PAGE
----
Significant increases in food prices are expected to take place in the near future, particularly the price of produce grown in Britain. The cost of food is expected to increase as a result of unusual weather conditions, which have caused problems for UK farmers growing common crops such as carrots, potatoes and cauliflowers.
Unusual weather patterns have been particularly significant over the past couple of month, and there were two aspects of December’s weather, in particular, that have caused problems for farmers. The final month of 2015 saw temperatures that were unseasonably warm, causing other crops to mature much earlier than intended. This could leave these groups of crops in short supply later, as the planting of successive waves of crops are usually timed to ensure a consistent supply. When the crops affected by December’s warm temperatures should have been ready for harvesting and distribution, many will have instead already matured ahead of time and and proceeded to spoil.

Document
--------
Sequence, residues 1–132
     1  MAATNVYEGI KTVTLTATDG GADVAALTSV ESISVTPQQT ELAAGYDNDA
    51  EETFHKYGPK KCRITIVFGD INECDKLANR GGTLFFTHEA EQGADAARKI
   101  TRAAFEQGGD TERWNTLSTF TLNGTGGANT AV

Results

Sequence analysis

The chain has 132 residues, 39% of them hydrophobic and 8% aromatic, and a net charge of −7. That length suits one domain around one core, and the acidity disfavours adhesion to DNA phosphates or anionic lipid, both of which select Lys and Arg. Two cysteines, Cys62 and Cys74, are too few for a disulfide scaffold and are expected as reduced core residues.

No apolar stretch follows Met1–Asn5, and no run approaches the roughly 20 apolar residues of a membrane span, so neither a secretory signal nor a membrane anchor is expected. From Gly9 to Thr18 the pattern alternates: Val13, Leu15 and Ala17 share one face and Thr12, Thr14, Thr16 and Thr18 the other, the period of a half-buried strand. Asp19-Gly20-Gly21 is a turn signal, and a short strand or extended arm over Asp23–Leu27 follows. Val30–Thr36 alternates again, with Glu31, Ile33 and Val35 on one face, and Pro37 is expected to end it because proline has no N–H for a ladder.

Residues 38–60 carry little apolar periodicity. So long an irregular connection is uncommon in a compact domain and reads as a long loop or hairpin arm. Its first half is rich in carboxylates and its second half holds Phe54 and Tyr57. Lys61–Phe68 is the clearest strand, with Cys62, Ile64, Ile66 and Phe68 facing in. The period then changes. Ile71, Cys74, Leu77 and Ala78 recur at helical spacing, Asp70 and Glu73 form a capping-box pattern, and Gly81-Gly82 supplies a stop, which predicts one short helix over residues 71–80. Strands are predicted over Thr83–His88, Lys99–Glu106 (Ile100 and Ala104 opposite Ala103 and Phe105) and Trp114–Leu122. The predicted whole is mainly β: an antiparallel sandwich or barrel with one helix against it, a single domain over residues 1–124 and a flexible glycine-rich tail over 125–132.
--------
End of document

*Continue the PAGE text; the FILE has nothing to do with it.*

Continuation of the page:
At the same time, December was exceptionally wet, and this led to further problems as crops were damaged or destroyed by heavy rainfall. Particularly hard-hit were crops such as carrots and parsnips. These crops remain fresh while kept in the ground, so are often grown in large quantities and then harvested for distribution in stages over time. Fields containing crops that were waiting to be harvested in this way have been damaged across much of the UK as a result of high rainfall. Wet conditions also made it difficult for people, tractors, and equipment to traverse the worst-hit fields, severely hampering efforts to salvage crops from damaged land before they became unusable.
All of this points towards a shortage of key food items in coming months, and a resulting rise in prices. Many items of produce that have survived or been salvaged are of reduced quality, and some may be deemed unacceptable for sale by retailers, worsening both shortages and the increase that this leads to in the cost of food.
Similar problems have hit farms in many countries across Europe, and have also led in some cases to additional problems. For example, unusually warm winter temperatures in Spain have not just led to similar concerns about early ripening but also resulted in an outbreak of pests and fungi, affecting key crops such as tomatoes, peppers and cucumbers. This could lead to further price rises in the UK, as at this time of year such crops are often imported due to difficulty involved in producing them domestically during the UK’s cold winter months.